We also hear from some of you that it can be tricky to update or change an email alert or unsubscribe and there’s been no way to manage your alerts in one place. You had to wait for an email alert and follow a link in the email. With a user account you can simply log in, review your details any time, and make changes yourself.

Also there’s been no connection between different alerts and comments that the same person has. Over time we see that this can lead to confusion and also extra effort.

As the number of people using the service has grown so has the amount of support we have to give people for common problems such as these. In the spirit of giving you access to tools and information you need to stay informed on issues that matter to you in your area, it’s also important that we don’t do something for you that you could easily do for yourself.

Easier for you

You’ll find it easier to 

  • Sign up for extra alerts – no need to confirm each one
  • Change your email address – just confirm the new email address once and any alerts you have are then sent to your new address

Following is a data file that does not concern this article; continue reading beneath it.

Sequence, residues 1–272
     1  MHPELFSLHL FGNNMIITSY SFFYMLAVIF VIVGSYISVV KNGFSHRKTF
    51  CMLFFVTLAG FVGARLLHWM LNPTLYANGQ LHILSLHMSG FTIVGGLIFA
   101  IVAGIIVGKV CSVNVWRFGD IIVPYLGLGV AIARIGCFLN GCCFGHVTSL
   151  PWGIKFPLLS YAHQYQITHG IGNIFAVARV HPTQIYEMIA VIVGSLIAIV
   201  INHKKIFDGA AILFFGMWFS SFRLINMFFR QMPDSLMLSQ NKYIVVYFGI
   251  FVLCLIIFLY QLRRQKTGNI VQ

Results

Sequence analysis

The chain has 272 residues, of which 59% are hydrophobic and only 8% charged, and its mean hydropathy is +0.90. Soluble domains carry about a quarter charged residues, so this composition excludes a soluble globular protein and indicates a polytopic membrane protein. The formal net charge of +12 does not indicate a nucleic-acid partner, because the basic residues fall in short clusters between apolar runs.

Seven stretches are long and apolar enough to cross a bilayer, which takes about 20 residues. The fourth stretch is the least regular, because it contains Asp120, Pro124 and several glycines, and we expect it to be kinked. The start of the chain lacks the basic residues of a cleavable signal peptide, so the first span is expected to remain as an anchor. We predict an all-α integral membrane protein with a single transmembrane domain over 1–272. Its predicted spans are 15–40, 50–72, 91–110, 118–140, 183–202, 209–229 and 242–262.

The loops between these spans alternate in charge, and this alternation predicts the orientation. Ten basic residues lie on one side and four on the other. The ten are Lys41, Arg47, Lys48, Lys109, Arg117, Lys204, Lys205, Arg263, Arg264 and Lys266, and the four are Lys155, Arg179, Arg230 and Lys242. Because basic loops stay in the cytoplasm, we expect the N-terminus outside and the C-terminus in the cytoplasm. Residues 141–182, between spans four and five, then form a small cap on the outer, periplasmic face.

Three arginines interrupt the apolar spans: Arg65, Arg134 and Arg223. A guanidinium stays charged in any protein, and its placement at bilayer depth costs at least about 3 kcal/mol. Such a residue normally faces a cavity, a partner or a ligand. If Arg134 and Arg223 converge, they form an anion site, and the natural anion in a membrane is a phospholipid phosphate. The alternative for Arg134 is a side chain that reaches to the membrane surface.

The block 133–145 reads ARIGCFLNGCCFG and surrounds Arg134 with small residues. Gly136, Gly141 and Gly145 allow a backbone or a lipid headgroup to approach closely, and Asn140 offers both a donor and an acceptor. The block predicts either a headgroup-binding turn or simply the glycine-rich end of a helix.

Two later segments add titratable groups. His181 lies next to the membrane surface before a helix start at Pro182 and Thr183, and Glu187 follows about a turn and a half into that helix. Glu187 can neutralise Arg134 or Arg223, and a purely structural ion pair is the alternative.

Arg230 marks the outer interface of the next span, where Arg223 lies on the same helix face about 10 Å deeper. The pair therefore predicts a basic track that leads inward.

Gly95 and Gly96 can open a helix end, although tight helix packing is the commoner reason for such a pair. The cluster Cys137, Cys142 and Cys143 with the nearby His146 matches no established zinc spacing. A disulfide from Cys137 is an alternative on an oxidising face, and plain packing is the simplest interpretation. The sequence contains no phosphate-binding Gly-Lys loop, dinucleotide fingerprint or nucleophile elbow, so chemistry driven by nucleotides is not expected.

• See any and all the alerts you have currently setup in one place
  • See any comments you’ve made in one place
  • See when each alert was last emailed to you

Tiny changes, big impact, or, How it will make things easier for us to support your community

At PlanningAlerts it’s important to us that you can contact us directly with your questions. Frankly, we’d like to see fewer support requests on some of those more mundane requests in our inbox. This will help us have greater capacity to focus on better supporting people through the planning process. 

As a tiny organisation we think we’re most effective when we figure out small changes that can have the biggest possible impact. For PlanningAlerts that means giving you control over your alerts and comments. So we’ve taken the time to focus on improving your experience of this local information service over the last few months. By providing you information and tools to take care of your ongoing information needs, we figure it might be that much easier to connect with the big picture; we even suspect you may start to feel a growing sense of confidence you have a part to play in shaping your neighborhood.